Thursday, August 27, 2009

catalina stirling: responsible pit nutter




Jasmine wound up in the hands of Catalina Stirling, a 35-year-old artist who lives with her husband, Davor Mrkoci, 32, an electrical engineer; her children, Nino (4 1/2) and Anais (2 1/2); Rogue, a spunky spaniel-lab mix; Desmond, a three-legged foster basenji-lab mix; and Thaiz, the family cat. The fenced yard is big enough for running, and the living-dining area, which contains almost no furniture, has a smattering of dog beds and water bowls. Catalina and her children have painted angels on one wall.


In her evaluation Jasmine was considered for sanctuary with Best Friends, but when volunteers from the Baltimore rescue group Recycled Love went to see the pit bulls at the Washington (D. C.) Animal Rescue League, a volunteer was so moved by the sight of Jasmine hiding under the blanket that she crawled into the cage and began massaging and whispering to the dog. Jasmine seemed to respond. So Huss sent Jasmine and Sweet Pea to Recycled Love, which subsequently turned Jasmine over to the woman who had crawled into the cage: Catalina Stirling.


Despite a promising start, Jasmine had a long way to go. For months she sat in her little cage in Stirling's house and refused to come out. "I had to pick her up and carry her outside so she could go to the bathroom," Stirling says. "She wouldn't even stand up until I had walked away. There's a little hole in the yard, and once she was done, she would go lie in the hole." It was three or four months before Jasmine would exit the cage on her own, and then only to go out, relieve herself and lie in the hole. Sweet Pea, who's better adjusted but still battles her own demons, was an hour away, and her visits helped draw out Jasmine. After six months Stirling could finally take both dogs for a walk in a big park near her house.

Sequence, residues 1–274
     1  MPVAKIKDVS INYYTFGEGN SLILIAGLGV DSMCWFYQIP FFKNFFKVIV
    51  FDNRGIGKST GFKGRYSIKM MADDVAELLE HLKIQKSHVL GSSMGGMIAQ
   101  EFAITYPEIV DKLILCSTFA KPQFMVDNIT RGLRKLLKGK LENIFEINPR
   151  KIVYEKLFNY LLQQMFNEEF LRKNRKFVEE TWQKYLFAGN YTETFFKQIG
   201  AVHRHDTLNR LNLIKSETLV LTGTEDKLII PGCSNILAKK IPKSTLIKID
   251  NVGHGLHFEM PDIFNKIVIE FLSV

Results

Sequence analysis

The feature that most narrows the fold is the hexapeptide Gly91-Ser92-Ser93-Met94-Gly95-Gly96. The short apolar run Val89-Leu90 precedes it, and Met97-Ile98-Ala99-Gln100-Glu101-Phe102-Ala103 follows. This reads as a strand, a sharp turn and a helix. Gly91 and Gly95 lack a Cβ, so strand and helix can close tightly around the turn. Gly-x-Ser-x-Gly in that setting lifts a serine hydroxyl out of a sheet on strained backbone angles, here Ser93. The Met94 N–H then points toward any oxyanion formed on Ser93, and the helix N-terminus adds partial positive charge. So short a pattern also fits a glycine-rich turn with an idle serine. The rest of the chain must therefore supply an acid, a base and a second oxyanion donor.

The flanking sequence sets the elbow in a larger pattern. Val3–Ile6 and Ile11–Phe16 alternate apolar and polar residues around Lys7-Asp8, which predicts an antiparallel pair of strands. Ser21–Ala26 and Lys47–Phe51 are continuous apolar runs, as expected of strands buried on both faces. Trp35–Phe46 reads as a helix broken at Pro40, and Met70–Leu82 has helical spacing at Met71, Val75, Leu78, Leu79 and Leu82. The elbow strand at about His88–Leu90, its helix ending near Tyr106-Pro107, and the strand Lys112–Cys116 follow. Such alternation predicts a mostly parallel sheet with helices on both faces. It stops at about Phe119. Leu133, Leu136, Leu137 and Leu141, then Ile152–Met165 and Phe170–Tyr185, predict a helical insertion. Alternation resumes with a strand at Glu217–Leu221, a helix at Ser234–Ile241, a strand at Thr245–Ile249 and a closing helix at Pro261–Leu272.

apparently catalina succeeded in bringing jasmine out of the hole in the yard and out of her shell and into the street.


Jasmine has come far, but she still has many fears. Around people she almost always walks with her head and tail down. She won't let anyone approach her from behind, and she spends most of the day in her pen, sitting quietly, the open door yawning before her. Stirling works with her endlessly. "I feel like what I do for her is so little compared with what she does for me," she says, welling up.


i wonder what jasmine's response was when someone did approach her from behind?


In the end, 47 of the 51 Vick dogs were saved. (Two died while in the shelters; one was destroyed because it was too violent; and another was euthanized for medical reasons.) Twentytwo dogs went to Best Friends, where McMillan and his staff chart their emotional state daily; almost all show steady improvement in categories such as calmness, sociability and happiness. McMillan believes 17 of the dogs will eventually be adopted, and applicants are being screened for the first of those. The other 25 have been spread around the country; the biggest group, 10, went to California with BAD RAP. Fourteen of the 25 have been placed in permanent homes, and the rest are in foster care.